|Floating point precision|
|Floating point decimal precision|
In computer architecture, 4-bit integers, memory addresses, or other data units are those that are at most 4 bits wide. Also, 4-bit CPU and ALU architectures are those that are based on registers, address buses, or data buses of that size. A group of four bits is also called a nibble.
Some of the first microprocessors had a 4-bit word length and were developed around 1970. The TMS 1000, the world's first single-chip microprocessor, was a 4-bit CPU; it had a Harvard architecture, with an on-chip instruction ROM with 8-bit-wide instructions and an on-chip data RAM with 4-bit words. The first commercial microprocessor was the binary coded decimal (BCD-based) Intel 4004, developed for calculator applications in 1971; it had a 4-bit word length, but had 8-bit instructions and 12-bit addresses.
The HP Saturn processors, used in many Hewlett-Packard calculators between 1984 and 2015 (including the HP 48 series of scientific calculators) are 4-bit machines; as the Intel 4004 did, they string multiple 4-bit words together, e.g. to form a 20-bit memory address, and most of its registers are 64 bits, storing 16 4-bit digits. Its instructions were 10 bits wide. Since 2003, new Saturn-based HP calculators (including the HP 49/50 series) utilize a 32-bit processor with an ARM920T core to emulate an extended Saturn processor architecture named Saturn+ at a higher speed.
The 4-bit processors were programmed in assembly language because of the extreme size constraint on programs and common programming languages (for microcontrollers, 8-bit and larger), such as C programming language, do not support 4-bit (C requires that the size of the
char data type be at least 8 bits, and that that all data types other than bitfields have a size that is a multiple of the character size). While larger than 4-bit values can be used by combining more than one manually, the language has to support the smaller values used in the combining. If not, assembly is the only option.
The 1970s saw the emergence of 4-bit software applications for mass markets like pocket calculators.
In the 1970's and 1980's a number of research and commercial computers used bit slicing, in which the CPU's arithmetic-logic unit was built from multiple 4-bit-wide sections, each section including a chip such as an Am2901 or 74181 chip.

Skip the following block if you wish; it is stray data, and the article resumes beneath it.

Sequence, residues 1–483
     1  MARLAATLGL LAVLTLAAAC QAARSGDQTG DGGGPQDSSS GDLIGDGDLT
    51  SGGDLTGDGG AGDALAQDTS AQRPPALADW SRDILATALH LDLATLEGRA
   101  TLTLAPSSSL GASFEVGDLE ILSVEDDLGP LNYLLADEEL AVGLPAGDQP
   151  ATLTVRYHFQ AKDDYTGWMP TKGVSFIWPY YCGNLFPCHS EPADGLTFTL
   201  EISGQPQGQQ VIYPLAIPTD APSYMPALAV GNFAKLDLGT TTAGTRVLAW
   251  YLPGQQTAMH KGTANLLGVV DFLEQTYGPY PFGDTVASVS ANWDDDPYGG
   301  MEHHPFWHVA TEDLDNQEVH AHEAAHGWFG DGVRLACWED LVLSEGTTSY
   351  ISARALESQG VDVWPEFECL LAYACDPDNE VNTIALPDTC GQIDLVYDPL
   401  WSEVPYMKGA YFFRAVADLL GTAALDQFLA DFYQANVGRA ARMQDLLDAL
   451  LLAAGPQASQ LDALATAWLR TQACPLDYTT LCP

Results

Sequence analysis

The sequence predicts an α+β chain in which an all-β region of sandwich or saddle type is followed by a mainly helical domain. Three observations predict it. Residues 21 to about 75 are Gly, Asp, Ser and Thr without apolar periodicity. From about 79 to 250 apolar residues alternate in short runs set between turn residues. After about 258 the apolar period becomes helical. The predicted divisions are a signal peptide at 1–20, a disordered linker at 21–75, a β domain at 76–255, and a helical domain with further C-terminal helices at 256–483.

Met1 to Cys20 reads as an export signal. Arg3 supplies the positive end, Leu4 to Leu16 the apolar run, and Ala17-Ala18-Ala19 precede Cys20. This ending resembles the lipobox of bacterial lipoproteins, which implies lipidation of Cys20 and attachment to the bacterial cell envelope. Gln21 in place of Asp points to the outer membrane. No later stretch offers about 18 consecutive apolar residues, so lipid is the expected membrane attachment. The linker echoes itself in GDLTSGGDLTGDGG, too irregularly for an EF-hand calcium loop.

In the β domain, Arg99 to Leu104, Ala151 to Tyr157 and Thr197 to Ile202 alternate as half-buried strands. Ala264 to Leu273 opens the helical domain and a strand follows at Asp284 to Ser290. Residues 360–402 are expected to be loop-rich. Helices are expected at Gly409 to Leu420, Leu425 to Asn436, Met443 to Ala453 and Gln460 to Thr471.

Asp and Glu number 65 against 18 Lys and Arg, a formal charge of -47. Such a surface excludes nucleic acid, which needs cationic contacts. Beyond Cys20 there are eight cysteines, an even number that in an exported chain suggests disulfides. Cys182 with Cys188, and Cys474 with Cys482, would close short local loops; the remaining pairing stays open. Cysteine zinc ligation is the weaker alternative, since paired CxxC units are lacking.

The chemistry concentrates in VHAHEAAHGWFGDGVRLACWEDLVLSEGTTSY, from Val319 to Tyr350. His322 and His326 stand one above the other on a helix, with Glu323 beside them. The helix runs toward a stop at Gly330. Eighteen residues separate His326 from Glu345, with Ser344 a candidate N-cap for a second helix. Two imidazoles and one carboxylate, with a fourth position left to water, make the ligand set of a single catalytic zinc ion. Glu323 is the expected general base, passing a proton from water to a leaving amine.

While 32- and 64-bit processors are more prominent in modern consumer electronics, 4-bit CPUs continue to be used (usually as part of a microcontroller) in cost-sensitive applications which require minimal computing power. For example, one popular bicycle computer specifies that it uses a "4 bit 1-chip microcomputer". Other typical uses include coffee makers, infrared remote controls, and security alarms.
Use of 4-bit processors has declined relative to 8- or even 32-bit processors as they are hard to find cheaper in general computer supplier's stores. The simplest kinds are not available in any of them and others are "Non-stock" and more expensive (a few expensive ones can be found, as of 2014[update], on eBay).
As of 2015, most PC motherboards, especially laptop motherboards, use a 4-bit LPC bus (introduced in 1998) to connect the southbridge to the motherboard firmware flash ROM (UEFI or BIOS) and the Super I/O chip.
With four bits, it is possible to create 16 different values. All single digit hexadecimal numbers can be written with four bits. Binary-coded decimal is a digital encoding method for numbers using decimal notation, with each decimal digit represented by four bits.
List of 4-bit processors
|This section requires expansion. (May 2008)|
- TMS 1000
- Intel 4004
- Intel 4040
- Atmel MARC4 core - Mature.
- Toshiba TLCS-47 series
- HP Saturn and Saturn+ series
- NEC μPD75X
- NEC (now Renesas) µPD612xA (discontinued), µPD613x, μPD6x and μPD1724x infrared remote control transmitter microcontrollers
- EM Microelectronic-Marin EM6600 family, EM6580, EM6682, etc.
- Epson S1C63 family
- TMS 1000 Series Data Manual (PDF). Texas Instruments. December 1976. Retrieved July 20, 2013.
- Mack, Pamela E. (November 30, 2005). "The Microcomputer Revolution". Retrieved 2009-12-23.
- "History in the Computing Curriculum" (PDF). Retrieved 2009-12-23.
- "HP CPU and Programming". Retrieved January 14, 2014.
- "Guide to the Saturn Processor". Retrieved January 14, 2014.
- "Introduction to Saturn Assembly Language". Retrieved January 14, 2014.
- ISO/IEC 9899:1999 specification. p. 20, § 184.108.40.206.1.
- ISO/IEC 9899:1999 specification. p. 37, § 220.127.116.11 (4).
- Marshall Cline. "C++ FAQ: the rules about bytes, chars, and characters".
- "4-bit integer". cplusplus.com. Retrieved November 21, 2014.
- Masatoshi Shima; Federico Faggin; Ralph Ungermann; Michael Slater. "Zilog Oral History Panel on the Founding of the Company and the Development of the Z80 Microprocessor".
- Ken Shirriff. "The Z-80 has a 4-bit ALU.".
- "Cateye Commuter Manual" (PDF). Retrieved February 11, 2014.
- μPD67, 67A, 68, 68A, 69 4-bit single-chip microcontroller for infrared remote control transmission
- Haskell, Richard. "Introduction to Digital Logic and Microprocessors (Lecture 12.2)". Retrieved February 11, 2014.
- Scott Mueller. "Upgrading and Repairing Laptops". 2004. p. 176.
- David S. Lawyer. "Plug-and-Play-HOWTO: LPC Bus" 2007.
- "MARC4 4-bit Microcontrollers - Programmer's Guide" (PDF). Atmel. Retrieved January 14, 2014.
- "MARC4 4-Bit Architecture". Atmel. Archived from the original on May 31, 2009.
- μPD6P9 4-bit single-chip microcontroller for infrared remote control transmission
- μPD17240, 17241, 17242, 17243, 17244, 17245, 17246 4-bit single-chip microcontrollers for small general-purpose infrared remote control transmitters
- Microcontrollers for Remote Controllers
- http://www.necel.com/micro/en/product/mr_48_remocon.html[dead link]
- Robert Cravotta. "Embedded Processing Directory"
- "EM6580 low power Flash 4-bit microcontroller"